Killer Bugs Made Welcome on Green Farms
for National Geographic News
|August 12, 2009|
Hungry pests cost farmers millions in crops losses each year, resulting in the widespread use of chemical pesticides, to which many bugs eventually become immune.
But one effective deterrent is clean, green, and sustainable—the wasps, flies, ladybugs, and other predators that happily feast on crop pests.
Scientists and farmers are learning to make better use of this powerful weapon by reshaping the landscape to create abundant habitat for pest predators, encouraging them to make farms their homes.
Rebecca Chaplin-Kramer, a doctoral candidate at the University of California, Berkeley, released the results of her multiyear "biological control" study last week at the Ecological Society of America's annual meeting in Albuquerque, New Mexico.
Promoting predator habitat doesn't have the instant impact of pesticides, but it could be highly sustainable, as established predator populations can thrive indefinitely, Chaplin-Kramer noted. (Learn more about sustainable agriculture.)
Inviting pest predators might also save money. The U.S. Environmental Protection Agency estimates that farmers spend more than U.S. $30 billion a year on pest control—and the cost continues to climb. (Related: "Pesticides Float From Distant Farms to Protected Forests, Study Says.")
Yet pests still wipe out more than a third of potential crops. In addition, more than 500 pest species have developed resistance to chemicals that once kept them in check.
Happily Harboring Killers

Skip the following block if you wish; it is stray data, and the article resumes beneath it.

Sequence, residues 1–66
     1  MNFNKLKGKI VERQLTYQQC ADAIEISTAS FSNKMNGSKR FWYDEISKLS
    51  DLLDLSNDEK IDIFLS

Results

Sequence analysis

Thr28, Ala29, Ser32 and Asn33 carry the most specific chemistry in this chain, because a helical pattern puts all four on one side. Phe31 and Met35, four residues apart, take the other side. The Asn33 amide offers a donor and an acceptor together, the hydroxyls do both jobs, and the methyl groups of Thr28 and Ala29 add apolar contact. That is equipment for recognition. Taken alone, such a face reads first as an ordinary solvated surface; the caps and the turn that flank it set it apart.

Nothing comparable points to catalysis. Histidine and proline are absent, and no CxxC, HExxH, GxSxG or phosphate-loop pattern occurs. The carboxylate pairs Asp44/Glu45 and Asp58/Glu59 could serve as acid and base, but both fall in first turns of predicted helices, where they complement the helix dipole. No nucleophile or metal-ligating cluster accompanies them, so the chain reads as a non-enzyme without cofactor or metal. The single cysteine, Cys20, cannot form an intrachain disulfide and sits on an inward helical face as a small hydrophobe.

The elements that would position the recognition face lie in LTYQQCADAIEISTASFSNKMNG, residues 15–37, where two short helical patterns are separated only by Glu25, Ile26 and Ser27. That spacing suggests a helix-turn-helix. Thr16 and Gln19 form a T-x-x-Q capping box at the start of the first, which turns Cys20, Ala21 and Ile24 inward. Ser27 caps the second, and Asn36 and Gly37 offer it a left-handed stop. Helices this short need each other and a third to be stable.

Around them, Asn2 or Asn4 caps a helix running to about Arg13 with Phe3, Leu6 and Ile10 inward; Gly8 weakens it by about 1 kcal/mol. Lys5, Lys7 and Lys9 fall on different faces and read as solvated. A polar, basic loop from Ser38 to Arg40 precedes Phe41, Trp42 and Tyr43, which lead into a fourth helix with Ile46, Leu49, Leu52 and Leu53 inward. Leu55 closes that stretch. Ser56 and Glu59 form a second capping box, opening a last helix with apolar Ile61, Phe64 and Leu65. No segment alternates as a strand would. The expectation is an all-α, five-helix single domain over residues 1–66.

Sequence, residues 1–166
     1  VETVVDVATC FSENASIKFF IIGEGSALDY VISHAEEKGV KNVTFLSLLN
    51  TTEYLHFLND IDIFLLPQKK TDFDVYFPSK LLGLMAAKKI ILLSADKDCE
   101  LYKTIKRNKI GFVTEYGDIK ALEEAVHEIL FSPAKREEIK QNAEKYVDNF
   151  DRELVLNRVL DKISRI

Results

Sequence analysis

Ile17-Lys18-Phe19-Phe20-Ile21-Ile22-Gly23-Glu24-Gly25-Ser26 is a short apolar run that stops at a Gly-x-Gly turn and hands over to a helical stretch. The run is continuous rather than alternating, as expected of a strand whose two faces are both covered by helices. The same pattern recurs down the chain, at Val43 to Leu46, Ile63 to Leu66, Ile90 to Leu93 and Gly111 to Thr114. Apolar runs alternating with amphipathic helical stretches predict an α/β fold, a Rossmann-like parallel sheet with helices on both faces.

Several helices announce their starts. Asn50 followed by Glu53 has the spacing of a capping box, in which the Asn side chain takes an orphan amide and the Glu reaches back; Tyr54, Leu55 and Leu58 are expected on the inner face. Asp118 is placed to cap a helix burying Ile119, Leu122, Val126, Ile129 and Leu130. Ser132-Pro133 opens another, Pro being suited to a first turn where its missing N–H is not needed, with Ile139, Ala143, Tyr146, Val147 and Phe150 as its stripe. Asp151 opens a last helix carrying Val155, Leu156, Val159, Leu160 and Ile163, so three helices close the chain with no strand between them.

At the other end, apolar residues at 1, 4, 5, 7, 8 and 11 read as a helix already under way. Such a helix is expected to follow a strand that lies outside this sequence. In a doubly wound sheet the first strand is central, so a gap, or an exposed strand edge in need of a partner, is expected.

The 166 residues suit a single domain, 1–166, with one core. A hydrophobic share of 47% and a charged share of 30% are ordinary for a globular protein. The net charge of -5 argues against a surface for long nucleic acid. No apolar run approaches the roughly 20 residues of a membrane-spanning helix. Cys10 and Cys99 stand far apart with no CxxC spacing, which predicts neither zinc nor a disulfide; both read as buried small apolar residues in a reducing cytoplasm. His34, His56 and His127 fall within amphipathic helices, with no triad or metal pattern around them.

Previous studies had shown that diverse landscapes promote bigger populations of pest predators. But it's tough to evaluate the effect that farmers really care about: how much pest control such predators actually provide.
Chaplin-Kramer is hoping to find out.
She's been working in the fields of California's Salinas Valley since 2006, examining how predator habitat can provide pest control on both the local level—that is, within a farm's fields—and in the surrounding landscape.
Chaplin-Kramer specifically studies the cabbage aphid, the plague of many broccoli crops and favored prey of the syrphid fly. (Related: "Bugs Cuddle Up to Dead Comrades for Protection.")
She first surveyed a handful of test farms that mixed their crops with hedgerows, weeds, and even strips of flowers or plant cover designed to attract predatory bugs. Other sites contained only rows of broccoli plants.
But quantifying the role of habitat in pest control can be tricky, since a variety of factors, such as weather variables, can affect how many aphids might be found in a given field.
"Surveys can't really tell me the whole story," she explained. "If a site has low pest levels, are predators keeping them in check, or did they just not show up there?"
So Chaplin-Kramer put out broccoli plants infested with 50 aphids each in closed and open cages. Open cages let natural predators do their best at pest control, while closed cages allowed aphids to live or die depending only on prevailing conditions.
The cages were then stationed in a variety of environments ranging from pure, diverse natural habitats to monoculture farm fields.
The results showed that natural pest control is boosted significantly when predator populations are booming in more diverse natural landscapes surrounding a field. Lacking such surroundings, farmers can still gain key benefits by planting locally complex fields.
"Natural landscapes exhibit about five times the level of pest control of agricultural landscapes in the early season," Chaplin-Kramer said.